Hemiplegia

Hemiplegia is paralysis (the loss of motor function) on one side of the body. Hemiparesis has similar causes, but results in severe to moderate weakness of motor function on one side of the body. Stroke, embolism, aneurysm, or traumatic brain injury are the most common causes of hemiplegia or hemiparesis. The loss of motor function manifests on the opposite side of the body from where the damage in the brain occurs. Typically, for hemiplegia, damage has occurred in the corticospinal tract. Brain injury, brain infection, brain diseases, spinal cord and nerve diseases or injury, cancer or tumors in the brain, and injury during birth can also result in this type of paralysis or weakness of motor function. When the brain suffers oxygen deprivation, and the resultant neurological damage impedes communication from the brain to the nerves, motor control is affected. If your child suffers from hemiplegia or hemiparesis, you should have the birth records reviewed by an attorney specializing in medical negligence and birth injury.

In infants and young children, hemiplegia is usually attributed to cerebral palsy if no other cause, such as brain or spinal cord trauma or infection, is evident. Approximately one child in every thousand births has hemiplegia. Premature babies are at a higher risk of hemiplegia. Although fetuses and newborns can be affected by periventricular leukomalacia (cysts or lesions in the brain near the central brain artery that cause white matter death), the risk to premature infants is much higher because of additional complications from being born without a fully developed physiology. The high occurrence of hemiplegia during birth is thought to be related to trauma during delivery, forcep injury or some other acute injury.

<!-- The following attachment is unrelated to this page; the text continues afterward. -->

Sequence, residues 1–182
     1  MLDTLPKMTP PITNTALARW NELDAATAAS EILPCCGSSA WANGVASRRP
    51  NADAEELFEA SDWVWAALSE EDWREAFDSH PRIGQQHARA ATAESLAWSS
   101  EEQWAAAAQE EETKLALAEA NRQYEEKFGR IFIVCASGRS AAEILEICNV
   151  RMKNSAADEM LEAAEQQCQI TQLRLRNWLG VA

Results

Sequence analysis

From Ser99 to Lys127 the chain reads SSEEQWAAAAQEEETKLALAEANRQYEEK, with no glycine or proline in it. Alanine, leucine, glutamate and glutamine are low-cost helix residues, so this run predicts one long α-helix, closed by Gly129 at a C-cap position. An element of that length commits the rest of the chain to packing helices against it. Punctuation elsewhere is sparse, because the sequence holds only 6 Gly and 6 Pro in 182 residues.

Children with hemiplegia may have difficulty walking and balancing, performing fine motor skills, and controlling their limbs on one side of the body. They may also experience stiffness and reduced endurance or weakness in muscles, and possibly have seizures. The severity and types of symptoms depends on what part of the brain or central nervous system has sustained damage, and to what degree. Although imaging scans (CT or ultrasound) of the brain and spinal cord can be used to confirm the presence of damage to the brain or spinal cord, the actual dysfunctions in motor control must be analyzed by a doctor or physiotherapist in order to make a diagnosis of hemiplegia.

Hemiplegia is not a condition that worsens but there are secondary problems that can develop as a result of the reduction or loss of motor control. For example, individuals who are confined to a mobility device may develop pressure sores. In addition, overall cardio-vascular health can be at risk, as well as muscle strength, flexibility and joint mobility.

Medications can be administered that reduce muscle stiffness and spasticity. Anti-seizure medications are generally successful in reducing the number and severity of seizures. Physical therapy and rehabilitation are the most important treatments s to help improve quality of life for those with hemiplegia. Children typically undergo speech therapy to improve their ability to speak and process speech, wear braces or splints for stability in walking to aide in muscle development, undergo surgery to relieve joint contractures, and take part in occupational therapy to receive independence training in dealing with day-to-day living activities. Early physical therapy intervention is crucial for the child to gain as much independence as possible. Thanks to developmental processes that happen throughout childhood and through appropriate physical therapy, a child's brain may be able to "re-wire" some of the lost neural pathways and have better use of their motor capabilities than an individual who suffers an injury leading to hemiplegia as an adult.